Last updated: February 24, 2009
May 28, 1936
(Editor's note: The following article, dealing with the early history of Lusk, was compiled by Mrs. Helen Willson, a native daughter of Lusk. It appeared in the May 28, 1936, Golden Jubilee Edition of the Lusk Herald, as well as the Centennial Edition on July 9, 1986.)
In the year 1880, or thereabouts, the Great Western Mining and Milling Co. operated mines and a smelter on what is known as the "Mining Hill," just west of the present town of Lusk, in quest for Silver and copper.
The mining camp was situated on the north side of the hill. By 1886 very little work was being done, as the pay ore was not found in the mine in sufficient quantities, but men of foresight realized that a town there, or nearby, had every feature which would point to its steady growth -- cattle shipping point, center of a territory thought to be rich in silver, copper, and mica, much of which had been located in the Whalen and Muskrat Canyons, and Rawhide Buttes, and the railroad, the Fremont, Elkhorn & Missouri Valley, was on its way.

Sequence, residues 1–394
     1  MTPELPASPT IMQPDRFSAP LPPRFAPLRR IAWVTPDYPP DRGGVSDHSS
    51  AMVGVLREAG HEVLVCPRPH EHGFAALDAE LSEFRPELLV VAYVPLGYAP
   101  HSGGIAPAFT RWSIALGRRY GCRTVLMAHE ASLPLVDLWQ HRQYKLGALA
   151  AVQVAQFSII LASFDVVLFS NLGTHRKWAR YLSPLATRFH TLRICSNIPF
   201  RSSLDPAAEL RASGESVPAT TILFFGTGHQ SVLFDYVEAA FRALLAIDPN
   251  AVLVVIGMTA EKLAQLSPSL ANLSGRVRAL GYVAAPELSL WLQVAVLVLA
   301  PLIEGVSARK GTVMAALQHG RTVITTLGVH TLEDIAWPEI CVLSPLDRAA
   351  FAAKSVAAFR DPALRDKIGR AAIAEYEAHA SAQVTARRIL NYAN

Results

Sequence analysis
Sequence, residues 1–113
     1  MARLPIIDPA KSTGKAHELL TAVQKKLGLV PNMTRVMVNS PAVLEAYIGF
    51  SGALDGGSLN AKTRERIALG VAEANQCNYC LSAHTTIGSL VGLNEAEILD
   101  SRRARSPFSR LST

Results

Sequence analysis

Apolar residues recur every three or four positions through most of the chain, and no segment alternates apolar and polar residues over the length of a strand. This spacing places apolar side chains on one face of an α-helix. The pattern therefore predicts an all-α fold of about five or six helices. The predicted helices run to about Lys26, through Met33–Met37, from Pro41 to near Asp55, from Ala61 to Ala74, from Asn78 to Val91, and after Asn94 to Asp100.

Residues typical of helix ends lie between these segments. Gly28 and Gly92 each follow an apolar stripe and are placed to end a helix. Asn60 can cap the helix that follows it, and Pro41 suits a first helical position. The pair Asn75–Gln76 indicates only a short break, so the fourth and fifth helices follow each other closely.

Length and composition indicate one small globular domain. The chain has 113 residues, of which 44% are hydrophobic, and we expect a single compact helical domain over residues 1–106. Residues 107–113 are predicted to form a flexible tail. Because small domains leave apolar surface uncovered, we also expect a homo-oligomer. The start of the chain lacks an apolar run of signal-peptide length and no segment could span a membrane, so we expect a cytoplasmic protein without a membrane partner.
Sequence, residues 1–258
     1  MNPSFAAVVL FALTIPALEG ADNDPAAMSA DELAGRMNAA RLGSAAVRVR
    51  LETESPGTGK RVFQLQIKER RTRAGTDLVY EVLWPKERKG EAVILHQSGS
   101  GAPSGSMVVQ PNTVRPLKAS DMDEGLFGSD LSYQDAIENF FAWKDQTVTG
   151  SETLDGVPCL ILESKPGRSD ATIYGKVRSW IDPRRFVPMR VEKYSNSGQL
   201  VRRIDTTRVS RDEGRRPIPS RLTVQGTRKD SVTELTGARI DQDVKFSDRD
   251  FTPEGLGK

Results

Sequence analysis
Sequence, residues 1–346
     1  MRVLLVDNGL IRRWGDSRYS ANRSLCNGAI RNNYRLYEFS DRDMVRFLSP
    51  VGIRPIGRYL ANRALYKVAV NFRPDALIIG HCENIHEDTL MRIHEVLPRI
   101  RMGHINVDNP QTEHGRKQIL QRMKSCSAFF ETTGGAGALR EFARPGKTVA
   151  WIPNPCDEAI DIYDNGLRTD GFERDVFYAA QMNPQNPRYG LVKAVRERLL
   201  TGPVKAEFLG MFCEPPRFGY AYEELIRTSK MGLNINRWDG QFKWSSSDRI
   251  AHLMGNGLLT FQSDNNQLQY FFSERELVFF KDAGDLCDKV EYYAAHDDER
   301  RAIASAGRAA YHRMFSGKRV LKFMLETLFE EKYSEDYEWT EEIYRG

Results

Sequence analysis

Land was chosen on the present site, and the railroad company appointed Frank Lusk as its representative in the sale of town lots, and the business houses and residences, most of them located in tents, were moved in the spring of 1886, from the Silver Cliff mining camp to Lusk, so named by popular vote for Frank S. Lusk, its patron saint, who spared no pains to help build the new town.